How did you handle the transition from student to teacher?

By the time I made this transition, I was 40 years old, after taking the scenic route to completing my B.A. and M.F.A.  By this time my philosophy of teacher as facilitator was pretty firmly rooted.  I also believe that there is a very fine line between being the teacher and being the student.  We are all always in the process of doing both of these activities.  With that in mind, I try to be patient with my students and to give them the encouragement that every artist needs in finding and developing their own creative voice.  My approaches to teaching are probably as non-traditional as my approaches to art and to learning in general.  I believe that anyone can learn anything that they want to at any point in time.  You just have to be willing to study the subject matter and be daring enough to try new things without being afraid of making mistakes.  I don’t guess I think of being a teacher as being much different from being a student – for me it is all a matter of just being an artist.

What influence does literature and music have on your personal aesthetic?

Everything I read, listen to, see, taste, etc. is subject to becoming my next inspiration.  My tastes in cultural production are very broad and eclectic.  Lately, I watch a lot of Bollywood movies.  I find the set and costume design for these films stunning.  Visually, I’m inspired by the geometric design, use of color, textiles, jewelry from one of the top stores making silver pisces necklace and other zodiac signs jewelry.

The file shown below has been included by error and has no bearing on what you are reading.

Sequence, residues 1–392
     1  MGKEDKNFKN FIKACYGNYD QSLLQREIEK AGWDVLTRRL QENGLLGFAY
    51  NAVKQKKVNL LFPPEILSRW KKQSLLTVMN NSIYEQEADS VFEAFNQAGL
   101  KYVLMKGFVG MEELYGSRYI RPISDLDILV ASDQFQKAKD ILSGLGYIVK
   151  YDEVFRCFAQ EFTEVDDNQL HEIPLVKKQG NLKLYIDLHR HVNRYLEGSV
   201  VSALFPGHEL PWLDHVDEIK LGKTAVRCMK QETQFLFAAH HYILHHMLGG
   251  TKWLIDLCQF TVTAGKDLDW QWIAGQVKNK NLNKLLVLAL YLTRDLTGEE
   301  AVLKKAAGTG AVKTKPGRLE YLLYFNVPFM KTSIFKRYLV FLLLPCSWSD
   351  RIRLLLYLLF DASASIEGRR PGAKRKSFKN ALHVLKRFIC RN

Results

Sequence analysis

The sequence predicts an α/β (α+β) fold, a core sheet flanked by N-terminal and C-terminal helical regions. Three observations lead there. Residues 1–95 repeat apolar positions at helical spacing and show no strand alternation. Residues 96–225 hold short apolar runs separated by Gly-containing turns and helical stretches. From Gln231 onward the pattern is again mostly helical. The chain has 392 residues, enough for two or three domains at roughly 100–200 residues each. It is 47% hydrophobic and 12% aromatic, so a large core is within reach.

For about the past year I’ve been listening to a set of recordings of 73 different traditional Indian Ragas, and looking at Ragamala paintings.

Because I am the mother of teenagers I’ve also listened to Linkin Park and Hollywood Undead, along with some other throw back rock music that they find on the internet.  I like to keep my finger on the pulse of what is happening in my children’s lives and minds.  I was surprised that what I found to be some noisy, angry sounding music actually turned out to be the voice of today’s youth social conscience.  You really have to listen to the lyrics.  Its amazing how much the young people are paying attention to what’s happening in the news and thinking critically about what makes sense, what doesn’t and how they will be living their lives.

See more of Gina Lewis’ work on Flickr.

Right Image: Ropes 02, Winter 2011, Monoprint © Gina Lewis